February 24, 2006

For, While Loops & Birthday Wishes

February 23 was an eventful day for one of my close mates. She turned 30 and I "think" she has accepted the fact that she is about to start the third decade of her life.

Another ex-colleague of mine happened to share the same b'day as well. She never revealed her age but she's a SYT and that doesn't matter much. If you're a UAT, then, you've got to hide the fact that you are turning 1 year older. ** hee hee **

NOTE: By the way, SYT = Sweet Young Thing and UAT = Ugly Aunty Thing...

Anyway, this ex-colleague was online and we decided to do our customary geeky thing -- announce her b'day wishes on our chat client's status message. Some were nice, like "Happy Birthday XXXXX!" but some decided to write some archaic program like:

Human object = new Human();

I told this friend that his code didn't follow proper Java coding convention and he replied that he was using C#. -_-

Oh well, that got me thinking about putting up some wishes and I went:

for (int i=1; i=10; i++) {
System.out.println("Happy Birthday XXXX!");

A lot of people came up to me and said that I should have changed to using a while loop, which loops infinitely. :)

I threw back a challenge to ask them to create an infinite loop using a "for" statement.

One came up with this:

for (; ;) { System.out.println("Happy Birthday XXXX!"); }

Seems valid. Not sure if he had compiled and run it on his system. I threw back another challenge to use a boolean variable as a counter, something with mimics the "while" loop. I came up with:

for (boolean infinite=true; infinite == true; ) {
System.out.println("Happy Birthday XXXX!");

I think its valid. :)

The point is, even when writing small pieces of code like this, we should follow the coding conventions properly. Recently, I had to explain some bit of code to someone and we came across something like this:

for (Iterator iter = abc.getSomeList().iterator(); iter.next()) {
SomeObject object = (SomeObject) iter.next();

Anyway, to the coder, this seems like OK code but to me, because I like to use coding conventions like "_varName" for local variables and stuff like "doXXX()" as method names, this really irked me a little bit. I think sometimes, its out of habit that we code in a certain manner and when someone tells you that you've got to conform to some standards, I can see why there would be some hostility at first. But once you "sell" the idea of more readable code and easier maintenance, people would get used to it.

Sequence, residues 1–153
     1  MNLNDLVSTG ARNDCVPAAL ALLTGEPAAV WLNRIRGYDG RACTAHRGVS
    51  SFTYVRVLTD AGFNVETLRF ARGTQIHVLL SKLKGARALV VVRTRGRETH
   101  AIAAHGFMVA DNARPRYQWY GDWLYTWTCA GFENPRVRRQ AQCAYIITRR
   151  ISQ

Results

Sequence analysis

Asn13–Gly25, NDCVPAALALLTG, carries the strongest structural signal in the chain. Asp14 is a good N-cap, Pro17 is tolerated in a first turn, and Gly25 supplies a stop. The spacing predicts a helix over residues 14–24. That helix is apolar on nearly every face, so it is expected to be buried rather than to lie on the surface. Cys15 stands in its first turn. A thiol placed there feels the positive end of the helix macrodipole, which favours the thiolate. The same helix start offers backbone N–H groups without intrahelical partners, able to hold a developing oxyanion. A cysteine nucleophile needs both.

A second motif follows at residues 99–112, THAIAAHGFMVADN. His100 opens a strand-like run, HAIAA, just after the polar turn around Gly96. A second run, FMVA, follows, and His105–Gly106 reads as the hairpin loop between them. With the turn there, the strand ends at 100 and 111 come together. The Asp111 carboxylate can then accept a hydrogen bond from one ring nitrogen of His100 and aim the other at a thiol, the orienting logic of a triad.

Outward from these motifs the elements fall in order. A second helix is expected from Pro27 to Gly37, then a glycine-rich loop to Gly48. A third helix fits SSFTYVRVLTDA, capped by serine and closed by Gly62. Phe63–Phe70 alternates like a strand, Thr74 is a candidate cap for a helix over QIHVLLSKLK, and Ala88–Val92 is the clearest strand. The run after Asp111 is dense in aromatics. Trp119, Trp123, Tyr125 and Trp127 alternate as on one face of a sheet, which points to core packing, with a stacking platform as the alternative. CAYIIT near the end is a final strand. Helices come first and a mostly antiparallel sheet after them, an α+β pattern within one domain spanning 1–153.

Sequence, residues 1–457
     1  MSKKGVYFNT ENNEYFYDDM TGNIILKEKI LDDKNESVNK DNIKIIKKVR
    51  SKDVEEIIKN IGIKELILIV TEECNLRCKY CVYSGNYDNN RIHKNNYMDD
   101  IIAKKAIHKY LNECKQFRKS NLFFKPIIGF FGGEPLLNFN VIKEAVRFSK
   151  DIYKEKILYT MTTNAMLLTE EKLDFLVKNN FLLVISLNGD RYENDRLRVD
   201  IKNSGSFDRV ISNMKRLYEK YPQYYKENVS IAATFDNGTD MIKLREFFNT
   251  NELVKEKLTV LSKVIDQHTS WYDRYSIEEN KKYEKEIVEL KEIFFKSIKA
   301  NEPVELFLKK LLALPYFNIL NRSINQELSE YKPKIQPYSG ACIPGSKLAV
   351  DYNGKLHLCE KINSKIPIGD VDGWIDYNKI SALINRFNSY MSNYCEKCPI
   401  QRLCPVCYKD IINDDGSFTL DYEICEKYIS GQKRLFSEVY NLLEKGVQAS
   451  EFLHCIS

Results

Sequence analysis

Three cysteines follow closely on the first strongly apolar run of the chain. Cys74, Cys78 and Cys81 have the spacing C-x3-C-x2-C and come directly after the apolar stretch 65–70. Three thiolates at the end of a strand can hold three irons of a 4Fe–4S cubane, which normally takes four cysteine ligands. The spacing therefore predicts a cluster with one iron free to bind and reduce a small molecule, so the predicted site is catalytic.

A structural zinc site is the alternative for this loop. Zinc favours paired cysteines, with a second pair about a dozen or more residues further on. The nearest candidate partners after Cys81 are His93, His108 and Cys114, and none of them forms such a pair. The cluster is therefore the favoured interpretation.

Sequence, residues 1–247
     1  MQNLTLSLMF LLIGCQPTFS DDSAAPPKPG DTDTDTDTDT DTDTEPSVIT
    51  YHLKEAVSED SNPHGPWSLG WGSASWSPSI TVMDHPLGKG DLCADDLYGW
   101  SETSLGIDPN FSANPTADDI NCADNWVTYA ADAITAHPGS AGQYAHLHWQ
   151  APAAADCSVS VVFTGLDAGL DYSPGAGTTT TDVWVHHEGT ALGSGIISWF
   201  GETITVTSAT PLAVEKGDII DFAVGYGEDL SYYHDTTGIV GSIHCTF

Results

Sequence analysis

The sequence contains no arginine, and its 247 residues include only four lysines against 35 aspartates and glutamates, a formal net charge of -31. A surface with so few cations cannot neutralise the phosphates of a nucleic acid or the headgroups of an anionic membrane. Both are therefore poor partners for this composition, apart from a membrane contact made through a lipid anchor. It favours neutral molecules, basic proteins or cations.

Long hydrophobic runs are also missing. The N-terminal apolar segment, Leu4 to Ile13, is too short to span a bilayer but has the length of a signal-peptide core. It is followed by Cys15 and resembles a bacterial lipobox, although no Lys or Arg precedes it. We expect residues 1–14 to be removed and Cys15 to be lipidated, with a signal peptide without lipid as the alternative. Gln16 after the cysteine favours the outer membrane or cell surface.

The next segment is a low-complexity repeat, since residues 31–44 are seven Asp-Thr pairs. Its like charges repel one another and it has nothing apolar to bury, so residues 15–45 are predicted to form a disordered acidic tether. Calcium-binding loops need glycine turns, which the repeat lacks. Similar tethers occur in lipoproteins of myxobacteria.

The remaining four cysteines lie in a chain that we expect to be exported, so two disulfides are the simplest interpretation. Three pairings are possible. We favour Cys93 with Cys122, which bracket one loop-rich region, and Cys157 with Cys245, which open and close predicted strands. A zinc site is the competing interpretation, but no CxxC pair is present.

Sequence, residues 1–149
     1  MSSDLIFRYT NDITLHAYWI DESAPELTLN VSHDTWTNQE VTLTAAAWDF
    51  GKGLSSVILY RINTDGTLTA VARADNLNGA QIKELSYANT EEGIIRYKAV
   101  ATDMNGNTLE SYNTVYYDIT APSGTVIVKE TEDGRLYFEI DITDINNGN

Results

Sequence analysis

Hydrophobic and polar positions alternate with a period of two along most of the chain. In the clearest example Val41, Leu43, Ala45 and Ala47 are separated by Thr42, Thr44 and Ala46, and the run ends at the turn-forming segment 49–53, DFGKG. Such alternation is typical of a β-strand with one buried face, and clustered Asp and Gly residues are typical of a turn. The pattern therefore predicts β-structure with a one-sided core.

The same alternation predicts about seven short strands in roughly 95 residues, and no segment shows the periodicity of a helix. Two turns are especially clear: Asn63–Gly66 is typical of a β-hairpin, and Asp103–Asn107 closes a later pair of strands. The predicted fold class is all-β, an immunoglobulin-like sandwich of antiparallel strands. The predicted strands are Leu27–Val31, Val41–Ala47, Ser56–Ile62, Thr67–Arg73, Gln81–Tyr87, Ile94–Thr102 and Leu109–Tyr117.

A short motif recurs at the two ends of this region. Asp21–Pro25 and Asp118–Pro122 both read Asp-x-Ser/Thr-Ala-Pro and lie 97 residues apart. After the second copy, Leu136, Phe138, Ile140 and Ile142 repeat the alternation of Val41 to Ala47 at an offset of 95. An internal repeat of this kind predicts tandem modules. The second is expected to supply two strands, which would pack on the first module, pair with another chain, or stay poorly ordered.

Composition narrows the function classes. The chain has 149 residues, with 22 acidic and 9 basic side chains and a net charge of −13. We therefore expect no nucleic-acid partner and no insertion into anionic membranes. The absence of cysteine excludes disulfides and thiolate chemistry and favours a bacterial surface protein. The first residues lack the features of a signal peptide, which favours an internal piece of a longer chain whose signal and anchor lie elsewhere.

I've always felt that one of the tools that a development QA team should have is a code convention verifier/formatter to go through tonnes of code, generate some report to show which pieces of code do not conform to convention. Some would argue that the code convention in use may not be efficient especially when it comes to variable declaration. This is a big issue as in Java, performance gurus always state that we have to be prudent with our object creation/deletion. Some Java developers prefer to use the good old C-style programming that we declare all variables at the top of the file and then, use it in all our methods below these variables declaration. However, others prefer to declare and create the objects as and when they need it so that it lives within a certain scope.

Whatever the preference and how that affects performance, the least the developer should do is follow some naming convention so that code looks more readable. Who knows that a variable called "car" is a local or class variable in the code unless someone traces through the entire file for it?

Oh yes, one final note. I hate it when certain people like to use the "x", "y" and "z" as class variable names. -_-... It doesn't describe what the variable is used for. I don't mind having this in use in for or while loops where I know that the variable's scope is short-lived.

Anyway, best to check out this site for details... ;)

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